Four very small, very simple words were all Frankie Policelli needed to describe Stony Brook’s approach as it begins life in a new conference:
“We can finally compete,” Policelli, a Stony Brook forward, said during the Colonial Athletic Association’s Men’s Basketball Media Day Wednesday, which also served as something of a welcoming party for the conference’s four newest schools.
Joining Stony Brook as CAA member schools are Hampton, Monmouth and North Carolina A&T.
“We really looked at three specific factors as it related to institutions that were interested in joining the CAA,” said Joe D’Antonio, the conference commissioner. “Number one, there needed to be a geographical fit. Number two, there needed to be a commitment to academics, both from a student-athlete standpoint as well as institutional standpoint. And number three, there needed to be a commitment to the overall improvement of the athletic department and the well-being of the student-athletes that [compete] at that institution going forward into the future.”
For Stony Brook, it represents something of a sea change following a tumultuous 2021-22 academic year which saw the athletic programs barred from competing in America East Conference postseason play in response to the school’s announcement it was joining the CAA.
“It was hard for the players because it really wasn’t any of their doing,” Stony Brook coach Geno Ford said. “Sometimes things are out of your control and you feel like you’re being punished or something’s happening to you and you didn’t really deserve it.”
Indeed, and now the Seawolves are entering their debut season in the Colonial excited about the challenge it presents.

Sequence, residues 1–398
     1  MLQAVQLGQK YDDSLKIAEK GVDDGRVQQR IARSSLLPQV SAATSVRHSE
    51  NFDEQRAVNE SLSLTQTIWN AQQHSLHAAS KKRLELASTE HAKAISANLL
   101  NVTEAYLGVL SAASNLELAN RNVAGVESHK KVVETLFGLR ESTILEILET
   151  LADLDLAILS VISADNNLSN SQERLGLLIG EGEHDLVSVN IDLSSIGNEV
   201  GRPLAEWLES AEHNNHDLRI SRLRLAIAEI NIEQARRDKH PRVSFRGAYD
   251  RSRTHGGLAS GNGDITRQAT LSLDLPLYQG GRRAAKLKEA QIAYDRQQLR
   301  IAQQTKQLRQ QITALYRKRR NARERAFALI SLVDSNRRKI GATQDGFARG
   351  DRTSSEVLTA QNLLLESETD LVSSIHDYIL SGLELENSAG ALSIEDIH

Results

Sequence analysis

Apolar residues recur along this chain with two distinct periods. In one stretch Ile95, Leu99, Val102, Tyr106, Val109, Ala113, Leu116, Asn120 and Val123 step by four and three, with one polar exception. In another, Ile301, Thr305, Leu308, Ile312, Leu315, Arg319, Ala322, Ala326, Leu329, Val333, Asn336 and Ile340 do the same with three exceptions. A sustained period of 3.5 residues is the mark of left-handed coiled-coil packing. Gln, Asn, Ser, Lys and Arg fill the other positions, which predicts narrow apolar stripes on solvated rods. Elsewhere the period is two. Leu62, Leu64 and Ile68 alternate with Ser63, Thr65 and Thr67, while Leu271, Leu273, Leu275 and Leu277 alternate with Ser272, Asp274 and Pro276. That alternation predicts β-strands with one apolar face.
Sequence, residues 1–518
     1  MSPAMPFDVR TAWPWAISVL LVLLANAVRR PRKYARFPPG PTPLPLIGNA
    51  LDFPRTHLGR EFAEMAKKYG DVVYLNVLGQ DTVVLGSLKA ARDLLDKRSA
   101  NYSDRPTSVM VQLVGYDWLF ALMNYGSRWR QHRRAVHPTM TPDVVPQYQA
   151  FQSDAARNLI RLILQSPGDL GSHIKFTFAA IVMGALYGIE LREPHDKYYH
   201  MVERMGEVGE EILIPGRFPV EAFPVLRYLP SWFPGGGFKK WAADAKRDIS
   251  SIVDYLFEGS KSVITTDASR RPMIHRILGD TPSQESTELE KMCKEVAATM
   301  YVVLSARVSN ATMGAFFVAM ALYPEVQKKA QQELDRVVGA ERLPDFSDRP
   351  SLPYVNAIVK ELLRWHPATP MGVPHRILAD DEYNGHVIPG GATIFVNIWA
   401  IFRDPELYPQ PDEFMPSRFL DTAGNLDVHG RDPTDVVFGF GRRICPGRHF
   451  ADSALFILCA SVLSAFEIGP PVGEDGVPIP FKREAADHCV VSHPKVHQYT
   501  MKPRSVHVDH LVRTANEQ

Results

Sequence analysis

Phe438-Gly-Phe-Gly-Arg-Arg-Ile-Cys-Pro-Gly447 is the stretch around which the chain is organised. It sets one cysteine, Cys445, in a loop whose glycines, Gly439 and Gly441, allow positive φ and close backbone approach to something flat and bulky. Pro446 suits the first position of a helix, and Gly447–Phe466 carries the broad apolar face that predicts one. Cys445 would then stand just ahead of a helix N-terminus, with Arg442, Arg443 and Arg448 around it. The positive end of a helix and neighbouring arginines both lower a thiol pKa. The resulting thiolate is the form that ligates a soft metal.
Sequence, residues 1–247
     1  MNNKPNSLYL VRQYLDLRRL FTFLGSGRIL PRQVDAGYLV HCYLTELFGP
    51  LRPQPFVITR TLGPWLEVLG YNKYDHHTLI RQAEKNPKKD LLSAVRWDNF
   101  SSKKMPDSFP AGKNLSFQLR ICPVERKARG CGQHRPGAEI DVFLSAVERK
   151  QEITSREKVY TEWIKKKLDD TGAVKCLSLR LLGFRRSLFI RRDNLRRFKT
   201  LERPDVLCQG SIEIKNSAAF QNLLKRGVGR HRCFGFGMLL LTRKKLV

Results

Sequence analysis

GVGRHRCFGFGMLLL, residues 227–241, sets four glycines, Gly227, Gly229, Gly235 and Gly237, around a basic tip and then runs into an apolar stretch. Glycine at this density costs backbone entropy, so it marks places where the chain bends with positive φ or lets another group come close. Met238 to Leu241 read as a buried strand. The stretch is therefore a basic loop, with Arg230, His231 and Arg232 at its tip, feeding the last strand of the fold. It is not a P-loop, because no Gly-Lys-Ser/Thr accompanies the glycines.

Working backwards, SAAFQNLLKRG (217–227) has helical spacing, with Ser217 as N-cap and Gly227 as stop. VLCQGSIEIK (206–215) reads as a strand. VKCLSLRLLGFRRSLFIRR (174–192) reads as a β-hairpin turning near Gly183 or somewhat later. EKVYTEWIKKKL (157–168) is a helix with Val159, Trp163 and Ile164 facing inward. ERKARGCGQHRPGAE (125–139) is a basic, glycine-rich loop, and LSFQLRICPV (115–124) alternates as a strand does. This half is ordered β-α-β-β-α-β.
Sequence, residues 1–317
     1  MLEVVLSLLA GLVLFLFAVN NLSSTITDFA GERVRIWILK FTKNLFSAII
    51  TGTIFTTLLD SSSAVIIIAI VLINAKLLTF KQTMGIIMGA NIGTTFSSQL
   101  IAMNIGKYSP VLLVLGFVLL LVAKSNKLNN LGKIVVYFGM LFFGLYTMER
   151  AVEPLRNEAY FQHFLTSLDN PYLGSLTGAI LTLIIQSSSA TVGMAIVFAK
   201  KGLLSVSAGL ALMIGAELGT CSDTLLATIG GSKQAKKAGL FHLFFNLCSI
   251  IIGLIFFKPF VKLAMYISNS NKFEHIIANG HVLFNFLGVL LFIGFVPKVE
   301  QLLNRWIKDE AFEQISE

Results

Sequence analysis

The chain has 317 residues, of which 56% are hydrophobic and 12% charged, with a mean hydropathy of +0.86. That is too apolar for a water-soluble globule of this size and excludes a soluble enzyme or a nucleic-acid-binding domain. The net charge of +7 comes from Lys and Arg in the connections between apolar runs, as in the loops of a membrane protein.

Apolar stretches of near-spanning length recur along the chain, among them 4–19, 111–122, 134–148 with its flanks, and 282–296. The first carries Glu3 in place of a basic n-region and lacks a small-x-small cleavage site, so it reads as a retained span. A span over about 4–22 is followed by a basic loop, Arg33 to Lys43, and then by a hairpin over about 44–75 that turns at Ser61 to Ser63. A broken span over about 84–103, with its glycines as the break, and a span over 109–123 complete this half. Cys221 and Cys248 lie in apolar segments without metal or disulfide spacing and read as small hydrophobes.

“There’s not a lot of difference between the CAA and any league you want to put up against,” Ford said. “There [are] good coaches, good players, great venues, great campuses. The atmospheres on the road are going to be much improved from what we’ve experienced here in the past.”
Colonial Athletic Association coaches picked the Seawolves to finish ninth in the preseason poll. Towson was the unanimous selection to win the CAA. Following Towson were Hofstra, Delaware, Charleston, UNC-Wilmington, Northeastern, Drexel, William & Mary, Stony Brook, Monmouth, North Carolina A&T, Elon, and Hampton.
“Polls are polls,” Ford said. “I’m not real concerned.”
On the other end of the spectrum is Hofstra.
Along with selecting the Pride to finish second in the conference, the coaches picked Aaron Estrada to repeat as the Player of the Year, and named him to the preseason First Team. Sophomore Darlinstone Dubar was named to the conference’s Honorable Mention Team.
It isn’t hard to figure out why conference coaches hold Estrada in high esteem. The 6-3 redshirt senior led a Pride squad which finished with a 21-11 overall record and 13-5 in conference play in scoring (18.5 points per game), minutes played (35.1 per game), assists (160 for the season), steals (49), and was second in rebounds per game (5.7).
As a result, Estrada was named to the conference’s and the All-Metropolitan Basketball Writers Association First Teams; was a finalist for the Lou Henson National Player of the Year Award; and was an Associated Press Honorable Mention All-American.
“He puts in a lot of work,” Hofstra coach Speedy Claxton said.